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Daemonelix, Devil’s Corkscrews

Frederick C. Kenyon with a Daemonelix, Devil's Corkscrew Photo owned by the University of Nebraska - Daemonelix - Devil's Corkscrews - Greetings from the Past
Frederick C. Kenyon with a Daemonelix, Devil’s Corkscrew
Photo owned by the University of Nebraska

In the late 1800s, a rich trove of fossils was discovered in what is now northwestern Nebraska. Paleontologists visiting the Agate Springs quarries found these strange tree-sized underground spiral formations. They are made of hardened earth that that twists like a screw for nearly ten feet.   Continue reading Daemonelix, Devil’s Corkscrews

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Descartes’ Daughter and Doctor Who Clockwork Repair Droids

Automata, Ancient Clockwork Mechanical Men

Clockwork Monk at the Smithsonian
Automaton figure of a monk: south Germany or Spain, c. 1560
Figure: head of poplar wood; head and limbs rendered naturalistically; modern habit.
Movement: iron; height: 39 cm. (15 3/8 in.)

There is a clockwork monk at the National Museum of American History of the Smithsonian. He winds up with a key, then walks about, moving his arms, eyes and head. The mouth moves as if it is praying. He is about 15” tall and is likely over 450 years old. Continue reading Descartes’ Daughter and Doctor Who Clockwork Repair Droids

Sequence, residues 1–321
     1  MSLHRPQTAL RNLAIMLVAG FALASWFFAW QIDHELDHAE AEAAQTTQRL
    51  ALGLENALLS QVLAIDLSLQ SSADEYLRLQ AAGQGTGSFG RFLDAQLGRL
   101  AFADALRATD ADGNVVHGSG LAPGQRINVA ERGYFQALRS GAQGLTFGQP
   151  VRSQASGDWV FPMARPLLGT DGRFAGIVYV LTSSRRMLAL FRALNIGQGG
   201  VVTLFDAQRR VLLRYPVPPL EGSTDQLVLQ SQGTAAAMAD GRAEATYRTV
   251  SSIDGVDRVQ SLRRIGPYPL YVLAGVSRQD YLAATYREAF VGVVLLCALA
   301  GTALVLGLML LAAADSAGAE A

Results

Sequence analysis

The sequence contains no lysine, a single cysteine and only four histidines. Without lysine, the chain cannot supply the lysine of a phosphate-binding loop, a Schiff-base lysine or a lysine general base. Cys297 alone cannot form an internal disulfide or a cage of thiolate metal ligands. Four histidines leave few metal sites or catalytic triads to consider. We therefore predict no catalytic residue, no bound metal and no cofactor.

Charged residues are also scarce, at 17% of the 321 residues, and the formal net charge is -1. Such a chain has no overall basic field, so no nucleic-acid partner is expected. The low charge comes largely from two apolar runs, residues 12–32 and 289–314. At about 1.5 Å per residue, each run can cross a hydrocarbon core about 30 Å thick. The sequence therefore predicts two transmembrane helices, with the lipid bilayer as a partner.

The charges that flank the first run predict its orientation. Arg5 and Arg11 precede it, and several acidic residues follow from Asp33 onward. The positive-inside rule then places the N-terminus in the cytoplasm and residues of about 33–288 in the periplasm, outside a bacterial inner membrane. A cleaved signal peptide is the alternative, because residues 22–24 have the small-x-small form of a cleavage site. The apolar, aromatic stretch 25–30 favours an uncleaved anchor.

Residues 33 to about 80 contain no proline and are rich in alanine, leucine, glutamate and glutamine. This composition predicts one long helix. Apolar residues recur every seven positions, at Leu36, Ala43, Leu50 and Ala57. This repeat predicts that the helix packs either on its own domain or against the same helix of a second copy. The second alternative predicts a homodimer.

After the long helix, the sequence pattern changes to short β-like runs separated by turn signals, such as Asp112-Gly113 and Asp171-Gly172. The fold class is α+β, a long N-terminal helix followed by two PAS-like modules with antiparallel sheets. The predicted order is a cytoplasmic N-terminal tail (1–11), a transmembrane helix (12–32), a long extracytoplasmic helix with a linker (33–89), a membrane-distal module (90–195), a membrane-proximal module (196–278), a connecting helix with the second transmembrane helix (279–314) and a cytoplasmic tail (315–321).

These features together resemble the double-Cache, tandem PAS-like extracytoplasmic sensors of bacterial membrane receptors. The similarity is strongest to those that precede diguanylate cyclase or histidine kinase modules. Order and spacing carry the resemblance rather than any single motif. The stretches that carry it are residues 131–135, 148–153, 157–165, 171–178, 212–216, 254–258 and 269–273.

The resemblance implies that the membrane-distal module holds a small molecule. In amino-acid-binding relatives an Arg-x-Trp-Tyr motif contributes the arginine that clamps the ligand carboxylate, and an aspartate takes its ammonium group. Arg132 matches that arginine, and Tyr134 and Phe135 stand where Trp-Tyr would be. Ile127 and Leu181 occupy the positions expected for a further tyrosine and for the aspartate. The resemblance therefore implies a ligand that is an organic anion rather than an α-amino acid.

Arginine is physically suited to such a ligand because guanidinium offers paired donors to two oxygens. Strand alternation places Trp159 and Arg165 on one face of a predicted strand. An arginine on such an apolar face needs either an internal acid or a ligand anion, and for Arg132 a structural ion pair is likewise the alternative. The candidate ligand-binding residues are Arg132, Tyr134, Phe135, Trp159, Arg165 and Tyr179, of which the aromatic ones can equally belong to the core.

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Mysterious Stone Spheres of Costa Rica

A Series of 40 Unexplained Mysteries of the World No. 3 The mysterious giant granite spheres of Costa Rica - Mysterious Stone Spheres of Costa Rica – Greetings from the Past
A Series of 40 Unexplained Mysteries of the World
No. 3
The mysterious giant granite spheres of Costa Rica

I found this card, it is part of a set, A Series of 40 Unexplained Mysteries of the World. This one is card No. 3.

A Series of 40 Unexplained Mysteries of the World

No. 3

The mysterious giant granite spheres of Costa Rica were first studied in the 1940s by American archaeologist, Dr Samuel Lothrop, of Harvard University. They were originally found in the 1930s when a forest was cleared for a banana plantation. At least four centuries old, they range from a few centimetres in diameter to over two metres and weigh over 16 tonnes.

Many of them are almost perfectly smooth, obviously man-made by skilled artisans using templates. Who made the spheres, and why, remains an unsolved mystery.

Photograph: Tony Morrison

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